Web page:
Debating the New York Jets Most Intriguing Camp Battle
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With that out of the way, there will be several key positional battles for the Jets at positions not named quarterback.
But which position battle will be the most intriguing at Jets camp?
Andrew, take it away.
Andrew: I won't rise to your bait for yet another Sanchez/Tebow argument!
Everyone knows Greg McElroy will be starting by Week 8 anyway.
One of the most critical of battles takes place at right tackle—and no matter who wins, I'm concerned it will be the quarterback who loses.
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The hope had been that the former University of Massachusetts tackle Vladimir Ducasse would fill in for Woody eventually. But eventually became immediately and looks a bit like never.
The team seems convinced (hallucinatory? insane?) Hunter can be a right tackle in the league. I haven't seen any evidence of that, but he or Ducasse better step up to the plate or it could be another long season from the right side.
At this point I'd love to see Ducasse get a shot, if only because we haven't seen enough of him to write him off completely. I'm not sure what the Jets see in Hunter, but I've seen enough to hope he loses this battle.
Could a spear of light and hope be Austin Howard? On the surface, he was just some padding for the stretch run last year. He's an undrafted free agent, originally signed by the Eagles, then spent time with the Ravens and Jets—where he didn't actually see a down.
I know, it seems insane. But could a little Tony Sparano, a good camp and some work in the weight room help?
I don't know, maybe I'm just grasping at straws.
This will be an interesting battle to watch—if by interesting we mean ''holy crap, that toddler is going to get hit by that SCUD missile!''
Erik: The battle at right tackle will be interesting to watch, and I look forward to seeing who will (or, ironically, won't) be protecting Sanchez's front side.
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For all the talent, though, the biggest story line may be the heavier implementation of 4-3 philosophies and more of an emphasis on the 46 defense under new defensive line coach Karl Dunbar. It will be interesting to see how the Jets utilize nose tackle Sione Pouha, who has played primarily in a 3-4.
It's not a question of whether, but how much Dunbar's defensive philosophy will have an impact on the outcome of these battles and the subsequent workload each defensive linemen is given.
A penetrating tackle like Coples will be a favorite in the 4-3 front, while the run-plugging DeVito will be a standby in the 3-4.
Their defensive versatility will be interesting to track over the course of the season, but I have a feeling we could see its impact sooner than later, and it starts on the defensive line.
Andrew: I totally agree and let's throw this in the mix as well: more and more teams are using a hybrid defense which will use elements of both the 3-4 and 4-3. It's why versatility is at such a premium in the draft these days.
So who's to say that every once in a while Ryan and Dunbar (which sounds like a hokey lawyer show on NBC, by the way) won't throw in a wrinkle?
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Which bops him down to the No. 3 spot for which he'll have to fight second-year kick returner/receiver Jeremy Kerley.
Kerley has better hands, special teams value and isn't hurt all the time. More importantly, his skill-set is different than Hill's and to some extent Santonio Holmes'.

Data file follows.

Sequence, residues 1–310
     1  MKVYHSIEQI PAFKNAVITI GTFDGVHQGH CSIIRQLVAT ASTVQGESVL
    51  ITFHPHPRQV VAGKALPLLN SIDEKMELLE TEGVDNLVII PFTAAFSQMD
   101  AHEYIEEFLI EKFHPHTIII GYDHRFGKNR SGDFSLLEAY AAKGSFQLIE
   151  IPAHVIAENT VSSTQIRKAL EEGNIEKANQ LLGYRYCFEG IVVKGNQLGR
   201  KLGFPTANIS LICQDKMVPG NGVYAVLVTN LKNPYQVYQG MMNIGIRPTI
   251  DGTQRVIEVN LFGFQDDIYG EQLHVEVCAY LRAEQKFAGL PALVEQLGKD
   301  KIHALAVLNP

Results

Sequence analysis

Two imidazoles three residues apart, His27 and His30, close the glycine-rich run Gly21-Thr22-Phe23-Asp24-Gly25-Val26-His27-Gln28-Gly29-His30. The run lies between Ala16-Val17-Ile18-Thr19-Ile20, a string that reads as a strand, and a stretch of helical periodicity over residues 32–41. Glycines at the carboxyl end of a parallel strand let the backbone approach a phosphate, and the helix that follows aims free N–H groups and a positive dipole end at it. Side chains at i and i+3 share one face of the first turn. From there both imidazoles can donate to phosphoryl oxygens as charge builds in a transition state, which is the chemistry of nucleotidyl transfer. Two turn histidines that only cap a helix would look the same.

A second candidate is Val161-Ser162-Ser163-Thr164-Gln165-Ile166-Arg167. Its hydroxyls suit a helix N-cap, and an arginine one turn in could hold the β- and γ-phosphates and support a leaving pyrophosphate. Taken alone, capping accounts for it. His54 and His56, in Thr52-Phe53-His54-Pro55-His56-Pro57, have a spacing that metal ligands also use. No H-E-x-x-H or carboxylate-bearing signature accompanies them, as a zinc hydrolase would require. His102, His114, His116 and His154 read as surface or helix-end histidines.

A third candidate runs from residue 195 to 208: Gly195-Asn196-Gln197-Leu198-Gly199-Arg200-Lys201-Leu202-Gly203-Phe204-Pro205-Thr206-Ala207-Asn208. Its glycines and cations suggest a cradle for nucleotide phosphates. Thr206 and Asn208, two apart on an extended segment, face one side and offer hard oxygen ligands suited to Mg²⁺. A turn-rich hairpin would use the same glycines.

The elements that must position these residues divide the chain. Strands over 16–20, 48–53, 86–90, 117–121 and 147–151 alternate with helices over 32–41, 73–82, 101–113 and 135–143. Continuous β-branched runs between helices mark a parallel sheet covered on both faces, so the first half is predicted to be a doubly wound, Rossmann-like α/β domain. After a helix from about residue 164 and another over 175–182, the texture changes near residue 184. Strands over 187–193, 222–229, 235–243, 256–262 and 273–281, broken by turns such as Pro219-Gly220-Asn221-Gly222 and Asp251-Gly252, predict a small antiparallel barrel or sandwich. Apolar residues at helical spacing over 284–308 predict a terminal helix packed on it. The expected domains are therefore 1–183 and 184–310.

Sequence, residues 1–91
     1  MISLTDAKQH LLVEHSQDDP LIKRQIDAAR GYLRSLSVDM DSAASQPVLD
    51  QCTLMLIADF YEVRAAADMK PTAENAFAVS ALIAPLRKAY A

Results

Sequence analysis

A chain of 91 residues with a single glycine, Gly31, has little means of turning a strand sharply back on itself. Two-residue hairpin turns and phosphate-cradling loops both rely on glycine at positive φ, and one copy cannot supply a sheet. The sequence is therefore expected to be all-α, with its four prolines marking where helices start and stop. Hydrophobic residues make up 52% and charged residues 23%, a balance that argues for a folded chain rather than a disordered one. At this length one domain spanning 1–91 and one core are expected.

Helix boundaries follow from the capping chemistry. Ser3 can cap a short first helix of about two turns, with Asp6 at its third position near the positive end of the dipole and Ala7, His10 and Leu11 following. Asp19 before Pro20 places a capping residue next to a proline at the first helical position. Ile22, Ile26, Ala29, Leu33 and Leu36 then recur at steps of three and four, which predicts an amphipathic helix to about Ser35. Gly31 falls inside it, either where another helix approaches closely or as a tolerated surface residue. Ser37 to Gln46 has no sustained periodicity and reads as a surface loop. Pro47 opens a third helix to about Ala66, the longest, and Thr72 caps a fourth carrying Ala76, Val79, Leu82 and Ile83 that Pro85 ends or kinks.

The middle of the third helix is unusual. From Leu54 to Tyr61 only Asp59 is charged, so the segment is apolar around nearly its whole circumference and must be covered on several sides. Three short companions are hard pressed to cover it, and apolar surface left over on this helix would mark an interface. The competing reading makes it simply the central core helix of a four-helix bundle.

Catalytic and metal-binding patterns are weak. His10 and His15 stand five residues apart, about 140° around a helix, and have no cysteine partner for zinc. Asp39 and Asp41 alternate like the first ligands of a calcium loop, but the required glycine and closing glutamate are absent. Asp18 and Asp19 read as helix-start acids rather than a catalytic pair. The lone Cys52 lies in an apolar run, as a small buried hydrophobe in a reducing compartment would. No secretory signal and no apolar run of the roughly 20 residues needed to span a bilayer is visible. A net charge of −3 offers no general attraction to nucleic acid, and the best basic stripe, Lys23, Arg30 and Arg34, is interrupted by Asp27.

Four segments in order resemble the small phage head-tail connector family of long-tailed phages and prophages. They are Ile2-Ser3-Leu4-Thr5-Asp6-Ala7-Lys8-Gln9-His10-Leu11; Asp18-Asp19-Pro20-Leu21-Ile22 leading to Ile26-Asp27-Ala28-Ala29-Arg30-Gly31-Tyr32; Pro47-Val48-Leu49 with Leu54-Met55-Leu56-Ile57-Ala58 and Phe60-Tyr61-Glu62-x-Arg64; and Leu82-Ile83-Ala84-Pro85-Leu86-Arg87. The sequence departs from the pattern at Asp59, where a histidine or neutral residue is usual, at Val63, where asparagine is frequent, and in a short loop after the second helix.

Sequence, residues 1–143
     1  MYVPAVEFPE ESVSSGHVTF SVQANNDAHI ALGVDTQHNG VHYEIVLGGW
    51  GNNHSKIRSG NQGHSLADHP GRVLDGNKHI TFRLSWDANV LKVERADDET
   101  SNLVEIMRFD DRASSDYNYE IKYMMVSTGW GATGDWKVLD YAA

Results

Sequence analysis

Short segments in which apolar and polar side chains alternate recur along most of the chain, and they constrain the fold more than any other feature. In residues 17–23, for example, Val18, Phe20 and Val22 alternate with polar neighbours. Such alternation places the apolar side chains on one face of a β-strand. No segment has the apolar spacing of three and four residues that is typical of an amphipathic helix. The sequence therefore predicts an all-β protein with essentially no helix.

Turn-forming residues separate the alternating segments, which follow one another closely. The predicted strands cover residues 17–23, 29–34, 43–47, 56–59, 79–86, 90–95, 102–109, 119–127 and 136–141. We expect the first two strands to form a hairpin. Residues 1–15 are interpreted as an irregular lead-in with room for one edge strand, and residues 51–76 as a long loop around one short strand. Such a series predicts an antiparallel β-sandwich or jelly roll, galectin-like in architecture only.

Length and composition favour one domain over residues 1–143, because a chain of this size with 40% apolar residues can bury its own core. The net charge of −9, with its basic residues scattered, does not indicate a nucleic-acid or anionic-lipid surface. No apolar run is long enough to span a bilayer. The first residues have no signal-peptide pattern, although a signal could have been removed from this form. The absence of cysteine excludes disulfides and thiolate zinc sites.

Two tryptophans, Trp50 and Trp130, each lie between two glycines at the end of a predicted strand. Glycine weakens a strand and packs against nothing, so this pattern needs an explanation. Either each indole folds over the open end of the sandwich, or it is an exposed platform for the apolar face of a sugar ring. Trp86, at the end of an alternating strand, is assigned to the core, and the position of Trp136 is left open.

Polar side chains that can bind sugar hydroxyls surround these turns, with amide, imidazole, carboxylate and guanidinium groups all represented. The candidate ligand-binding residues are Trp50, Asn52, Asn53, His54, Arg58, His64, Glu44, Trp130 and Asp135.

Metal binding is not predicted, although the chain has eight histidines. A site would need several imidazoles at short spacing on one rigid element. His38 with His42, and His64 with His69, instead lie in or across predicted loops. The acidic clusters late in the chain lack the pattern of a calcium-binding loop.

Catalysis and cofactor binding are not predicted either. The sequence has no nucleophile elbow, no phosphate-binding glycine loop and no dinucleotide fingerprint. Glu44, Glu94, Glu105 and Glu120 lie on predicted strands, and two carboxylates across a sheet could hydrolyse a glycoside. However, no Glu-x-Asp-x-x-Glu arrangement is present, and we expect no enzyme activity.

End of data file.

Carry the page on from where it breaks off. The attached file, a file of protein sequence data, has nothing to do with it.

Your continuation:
Schilens is fast and has ability—he's just hurt too often.
He might be too similiar to Hill to win that third receiver role. He might not even make the team if he can't beat out Kerley.
How's that for a drop? From incumbent No. 2 to the cut list in a few months. Well, that may happen unless he can really light a fire under his own behind and have the camp of his life!
Erik: The interesting thing to me about the wide-receiver group is that it's a boom-or-bust group. They have a group of guys with solid skill-sets and a lot of potential. Can they realize that potential? Can Mark Sanchez help them realize that potential? Those will be the story lines to watch at wide receiver in camp and during the season.
You're focusing on the offense, where my focus is on the defense. I'm intrigued by the battle at strong safety. Between LaRon Landry, Yeremiah Bell, Eric Smith and Antonio Allen, the Jets have a lot of options at the position.
But Bell is aging, Landry's been injured and is aging, Smith has been ineffective and Allen is a rookie.
The intriguing name on the list is Smith. He has started 20 games for the Jets in the past two seasons. But with an infusion of talent, it's clear the Jets are looking to upgrade the spot, or are at least looking for a change of pace. Like Schilens, Smith could be on the bubble just a few months after it looked like he'd be a starter.
Andrew: It's funny, I was thinking about the safeties as well when I was writing about the receivers. There are a lot of options there, but so much age. Allen is the only potential long-term answer and, really, is he one? We don't know. This was a mediocre to bad safety draft class so there wasn't much the Jets could do. But they have to work on that going forward.
The Jets need a guy not afraid to get his hands dirty but with the cover skills to help Revis and—more critically—Antonio Cromartie, as he has a much bigger habit of getting blown up than Revis does.
Which will be the most intriguing camp battle?
Erik: With that, Andrew, I think our debate has come to a close.
Thanks for joining me, and we'll be sure to link up in the future.
Readers can vote in the poll and leave your thoughts in the comments below. Check back at the AFC East blog every day for more debates.
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